Crows Aren’t the Only Smart Birds in Town
November 13, 2017
Readers of Scientists in the Field title Crow Smarts, by Pamela S. Turner and Andy Comins, know that being called a “bird brain” should be considered the highest form of flattery–especially where New Caledonian crows are involved! New Caledonian crows are particularly interesting to scientists because they solve problems and use tools, something very few animals can do.
Crow Smarts follows scientists who are asking questions like, why do crows have this ability? And what can their skills tell us about the evolution of intelligence? SITF readers, no doubt, have a whole other slew of questions–like, are there other species of birds with special abilities? While they may not use tools the way New Caledonian crows do, it turns out there are some pretty remarkable birds that many of us see every day: pigeons!
Among the other fascinating facts and stories on Nat Geo Kids is their video series, Awesome Animals. If you loved Crow Smarts as much as we did, head over to episode three to be enlightened about the genius of pigeons.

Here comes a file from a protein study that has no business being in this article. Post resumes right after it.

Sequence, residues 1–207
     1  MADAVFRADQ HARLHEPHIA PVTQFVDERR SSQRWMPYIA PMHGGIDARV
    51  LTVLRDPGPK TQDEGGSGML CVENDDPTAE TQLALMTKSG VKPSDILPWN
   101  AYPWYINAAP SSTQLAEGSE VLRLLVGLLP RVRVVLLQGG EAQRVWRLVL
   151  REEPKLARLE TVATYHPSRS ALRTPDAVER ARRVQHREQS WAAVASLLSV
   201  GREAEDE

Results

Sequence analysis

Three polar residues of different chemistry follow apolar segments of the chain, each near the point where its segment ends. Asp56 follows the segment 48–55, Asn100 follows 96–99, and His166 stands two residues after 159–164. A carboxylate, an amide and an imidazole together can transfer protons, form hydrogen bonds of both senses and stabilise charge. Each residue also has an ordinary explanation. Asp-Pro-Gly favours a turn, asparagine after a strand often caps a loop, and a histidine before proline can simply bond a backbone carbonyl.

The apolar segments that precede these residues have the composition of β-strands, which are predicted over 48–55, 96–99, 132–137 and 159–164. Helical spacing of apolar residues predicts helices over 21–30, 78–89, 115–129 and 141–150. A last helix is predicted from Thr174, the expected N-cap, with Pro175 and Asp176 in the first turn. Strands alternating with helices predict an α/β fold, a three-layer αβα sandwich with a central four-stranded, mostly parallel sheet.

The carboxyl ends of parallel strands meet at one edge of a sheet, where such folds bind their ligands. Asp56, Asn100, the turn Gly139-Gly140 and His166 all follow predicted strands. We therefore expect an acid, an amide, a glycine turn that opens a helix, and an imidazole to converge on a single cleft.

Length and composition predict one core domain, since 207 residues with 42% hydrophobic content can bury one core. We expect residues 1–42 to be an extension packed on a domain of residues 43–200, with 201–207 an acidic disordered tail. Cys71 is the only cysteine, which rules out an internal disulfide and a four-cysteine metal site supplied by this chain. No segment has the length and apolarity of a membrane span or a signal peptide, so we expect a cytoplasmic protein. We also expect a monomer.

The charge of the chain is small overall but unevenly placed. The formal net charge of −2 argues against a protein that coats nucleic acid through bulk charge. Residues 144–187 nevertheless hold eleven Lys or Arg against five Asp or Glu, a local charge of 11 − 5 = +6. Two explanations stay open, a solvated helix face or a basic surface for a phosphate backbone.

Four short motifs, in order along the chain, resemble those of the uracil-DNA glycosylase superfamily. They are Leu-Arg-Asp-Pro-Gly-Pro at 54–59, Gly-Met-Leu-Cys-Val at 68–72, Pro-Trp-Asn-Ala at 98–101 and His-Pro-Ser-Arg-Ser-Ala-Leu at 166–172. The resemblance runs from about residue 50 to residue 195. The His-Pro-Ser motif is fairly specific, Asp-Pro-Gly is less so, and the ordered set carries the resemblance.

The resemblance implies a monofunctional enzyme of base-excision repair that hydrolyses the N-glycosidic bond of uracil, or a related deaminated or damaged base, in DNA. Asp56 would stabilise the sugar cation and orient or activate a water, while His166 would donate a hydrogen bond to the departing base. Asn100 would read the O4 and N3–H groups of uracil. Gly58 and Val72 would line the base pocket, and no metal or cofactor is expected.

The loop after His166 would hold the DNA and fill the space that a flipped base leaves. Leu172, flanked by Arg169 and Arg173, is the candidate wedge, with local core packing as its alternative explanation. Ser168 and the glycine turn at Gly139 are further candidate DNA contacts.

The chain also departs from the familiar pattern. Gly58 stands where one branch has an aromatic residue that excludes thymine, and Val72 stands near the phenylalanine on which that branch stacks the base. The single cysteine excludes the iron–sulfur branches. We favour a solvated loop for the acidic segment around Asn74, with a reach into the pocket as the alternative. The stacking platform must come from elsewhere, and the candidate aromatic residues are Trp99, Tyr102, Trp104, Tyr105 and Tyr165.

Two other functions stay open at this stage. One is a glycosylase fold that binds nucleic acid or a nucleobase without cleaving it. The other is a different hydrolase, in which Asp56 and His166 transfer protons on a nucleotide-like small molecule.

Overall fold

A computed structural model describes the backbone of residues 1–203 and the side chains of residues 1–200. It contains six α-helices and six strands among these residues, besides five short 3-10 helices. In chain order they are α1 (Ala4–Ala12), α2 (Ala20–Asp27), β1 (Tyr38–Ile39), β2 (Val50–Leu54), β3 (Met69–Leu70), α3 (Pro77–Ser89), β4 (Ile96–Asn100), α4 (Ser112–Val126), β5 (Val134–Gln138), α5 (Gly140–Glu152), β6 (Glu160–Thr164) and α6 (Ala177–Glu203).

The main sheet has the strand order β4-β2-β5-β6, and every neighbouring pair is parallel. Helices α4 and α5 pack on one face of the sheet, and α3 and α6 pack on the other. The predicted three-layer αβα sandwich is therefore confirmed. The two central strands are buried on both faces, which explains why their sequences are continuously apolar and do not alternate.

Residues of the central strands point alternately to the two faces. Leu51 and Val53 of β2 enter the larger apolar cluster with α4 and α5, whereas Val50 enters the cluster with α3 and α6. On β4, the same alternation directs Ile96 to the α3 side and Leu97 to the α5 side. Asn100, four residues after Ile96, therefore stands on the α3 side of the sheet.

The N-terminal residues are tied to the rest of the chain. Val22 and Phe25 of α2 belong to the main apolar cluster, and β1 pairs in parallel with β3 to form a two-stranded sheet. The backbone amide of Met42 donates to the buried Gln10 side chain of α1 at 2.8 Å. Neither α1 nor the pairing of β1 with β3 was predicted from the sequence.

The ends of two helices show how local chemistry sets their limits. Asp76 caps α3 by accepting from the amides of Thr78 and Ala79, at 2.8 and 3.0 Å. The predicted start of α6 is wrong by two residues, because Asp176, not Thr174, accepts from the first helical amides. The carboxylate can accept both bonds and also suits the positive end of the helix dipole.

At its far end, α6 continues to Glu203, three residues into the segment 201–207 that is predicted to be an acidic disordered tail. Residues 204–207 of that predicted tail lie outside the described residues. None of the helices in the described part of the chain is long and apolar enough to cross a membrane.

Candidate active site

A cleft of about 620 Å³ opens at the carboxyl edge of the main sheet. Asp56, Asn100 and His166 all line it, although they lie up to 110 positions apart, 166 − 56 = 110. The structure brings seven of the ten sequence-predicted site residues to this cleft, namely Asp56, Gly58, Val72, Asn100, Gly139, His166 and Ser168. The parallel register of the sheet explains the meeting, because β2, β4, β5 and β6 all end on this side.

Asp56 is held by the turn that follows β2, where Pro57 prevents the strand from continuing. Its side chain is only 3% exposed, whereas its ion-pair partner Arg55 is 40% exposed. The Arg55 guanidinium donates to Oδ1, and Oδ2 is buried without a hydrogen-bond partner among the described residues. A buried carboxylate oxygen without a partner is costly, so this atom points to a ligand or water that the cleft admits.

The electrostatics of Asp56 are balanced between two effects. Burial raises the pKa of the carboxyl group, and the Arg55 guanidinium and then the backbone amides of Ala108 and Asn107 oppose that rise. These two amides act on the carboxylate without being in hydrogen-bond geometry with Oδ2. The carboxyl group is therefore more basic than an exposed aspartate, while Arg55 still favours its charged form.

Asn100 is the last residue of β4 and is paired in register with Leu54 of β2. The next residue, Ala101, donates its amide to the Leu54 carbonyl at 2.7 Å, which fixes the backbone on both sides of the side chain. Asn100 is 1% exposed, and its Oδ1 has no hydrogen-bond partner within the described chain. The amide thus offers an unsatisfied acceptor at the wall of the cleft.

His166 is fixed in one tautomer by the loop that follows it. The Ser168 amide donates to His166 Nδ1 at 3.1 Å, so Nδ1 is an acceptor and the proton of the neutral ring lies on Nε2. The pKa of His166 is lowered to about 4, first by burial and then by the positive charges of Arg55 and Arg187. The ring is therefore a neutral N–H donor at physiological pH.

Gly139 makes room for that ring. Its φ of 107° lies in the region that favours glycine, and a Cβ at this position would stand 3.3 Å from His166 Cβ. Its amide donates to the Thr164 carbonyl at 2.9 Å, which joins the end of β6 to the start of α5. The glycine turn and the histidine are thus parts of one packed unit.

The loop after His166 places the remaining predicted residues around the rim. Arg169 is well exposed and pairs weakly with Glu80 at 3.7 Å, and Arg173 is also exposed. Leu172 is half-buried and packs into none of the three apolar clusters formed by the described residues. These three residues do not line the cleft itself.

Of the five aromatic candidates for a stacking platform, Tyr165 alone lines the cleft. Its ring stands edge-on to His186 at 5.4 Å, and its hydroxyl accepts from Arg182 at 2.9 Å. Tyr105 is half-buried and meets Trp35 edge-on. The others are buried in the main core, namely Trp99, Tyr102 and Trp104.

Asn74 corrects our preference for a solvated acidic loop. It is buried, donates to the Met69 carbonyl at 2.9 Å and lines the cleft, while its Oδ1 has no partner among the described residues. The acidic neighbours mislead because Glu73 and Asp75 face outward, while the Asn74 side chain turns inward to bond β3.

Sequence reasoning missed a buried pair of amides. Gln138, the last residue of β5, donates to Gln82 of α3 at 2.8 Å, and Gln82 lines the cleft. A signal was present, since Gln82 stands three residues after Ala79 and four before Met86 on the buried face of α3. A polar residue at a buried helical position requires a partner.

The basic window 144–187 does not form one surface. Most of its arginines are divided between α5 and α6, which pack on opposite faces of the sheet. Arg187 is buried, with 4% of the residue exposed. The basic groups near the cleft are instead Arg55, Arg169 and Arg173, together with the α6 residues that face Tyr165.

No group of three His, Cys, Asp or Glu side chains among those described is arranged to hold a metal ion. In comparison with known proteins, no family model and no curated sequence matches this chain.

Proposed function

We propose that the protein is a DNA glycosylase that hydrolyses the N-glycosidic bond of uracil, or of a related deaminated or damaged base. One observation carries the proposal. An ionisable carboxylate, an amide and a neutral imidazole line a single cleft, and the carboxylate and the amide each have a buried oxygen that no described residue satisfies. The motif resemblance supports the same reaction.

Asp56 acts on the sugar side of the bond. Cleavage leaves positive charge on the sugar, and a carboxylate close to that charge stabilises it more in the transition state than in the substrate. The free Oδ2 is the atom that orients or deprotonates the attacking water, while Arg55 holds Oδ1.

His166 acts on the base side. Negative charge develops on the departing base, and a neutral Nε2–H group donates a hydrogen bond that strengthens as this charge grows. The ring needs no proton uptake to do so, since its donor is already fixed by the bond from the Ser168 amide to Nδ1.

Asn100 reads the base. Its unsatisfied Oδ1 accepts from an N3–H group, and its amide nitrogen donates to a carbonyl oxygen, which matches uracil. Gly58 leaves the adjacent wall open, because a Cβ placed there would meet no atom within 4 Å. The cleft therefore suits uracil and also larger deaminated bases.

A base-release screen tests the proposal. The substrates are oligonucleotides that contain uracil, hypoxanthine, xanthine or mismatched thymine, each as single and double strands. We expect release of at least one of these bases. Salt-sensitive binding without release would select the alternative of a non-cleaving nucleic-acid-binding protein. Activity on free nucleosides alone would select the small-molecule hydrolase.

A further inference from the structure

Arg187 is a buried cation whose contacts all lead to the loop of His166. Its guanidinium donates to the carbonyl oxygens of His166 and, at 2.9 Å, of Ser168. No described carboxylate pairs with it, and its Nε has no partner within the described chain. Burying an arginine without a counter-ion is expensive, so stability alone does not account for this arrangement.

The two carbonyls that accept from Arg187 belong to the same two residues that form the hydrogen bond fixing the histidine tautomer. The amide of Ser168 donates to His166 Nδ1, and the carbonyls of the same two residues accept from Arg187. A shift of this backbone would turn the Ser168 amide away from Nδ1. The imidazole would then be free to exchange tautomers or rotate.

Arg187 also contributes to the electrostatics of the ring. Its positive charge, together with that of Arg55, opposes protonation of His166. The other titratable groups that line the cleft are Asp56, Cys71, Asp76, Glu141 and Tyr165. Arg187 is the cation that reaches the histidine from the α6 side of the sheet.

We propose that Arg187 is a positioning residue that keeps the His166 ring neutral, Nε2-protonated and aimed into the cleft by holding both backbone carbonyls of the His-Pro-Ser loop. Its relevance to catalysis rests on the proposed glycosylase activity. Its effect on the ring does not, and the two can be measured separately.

Ever wondered why pigeons are known for finding their way home from incredibly far distances? Watch this video to learn about their master navigation skills, and more. And next time you hear someone called a bird brain, make sure they know that birds are some of the smartest animals on the planet.
You can receive email notifications when a new Adventure Note is posted to the site. Click here to sign up.
andy comins bats birds bridget heos call of the osprey conservation crows Crow Smarts dorothy hinshaw patent elizabeth rusch Emi and the Rhino Scientist indonesia keith ellenbogen liz rusch loree burns loree griffin burns mars mars rovers Mary Kay Carson mighty mars rovers Mission to Pluto nasa new caledonia New Horizons nic bishop opportunity osprey pamela s turner pamela turner pam turner Pluto poaching rusch scientist in the field Scientists in the Field sharks sitf solar system space spirit stronger than steel sy montgomery The Next Wave Tom Uhlman tracking trash